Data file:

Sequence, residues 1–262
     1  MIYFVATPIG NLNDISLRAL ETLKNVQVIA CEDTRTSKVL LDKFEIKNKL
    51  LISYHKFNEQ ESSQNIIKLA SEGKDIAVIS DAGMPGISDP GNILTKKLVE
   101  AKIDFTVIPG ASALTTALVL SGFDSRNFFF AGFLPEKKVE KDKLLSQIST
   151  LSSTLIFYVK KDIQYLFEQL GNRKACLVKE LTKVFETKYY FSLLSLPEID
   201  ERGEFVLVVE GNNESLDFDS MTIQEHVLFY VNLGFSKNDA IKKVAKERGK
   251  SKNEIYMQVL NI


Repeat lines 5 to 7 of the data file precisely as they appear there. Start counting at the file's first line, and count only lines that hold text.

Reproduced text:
   151  LSSTLIFYVK KDIQYLFEQL GNRKACLVKE LTKVFETKYY FSLLSLPEID
   201  ERGEFVLVVE GNNESLDFDS MTIQEHVLFY VNLGFSKNDA IKKVAKERGK
   251  SKNEIYMQVL NI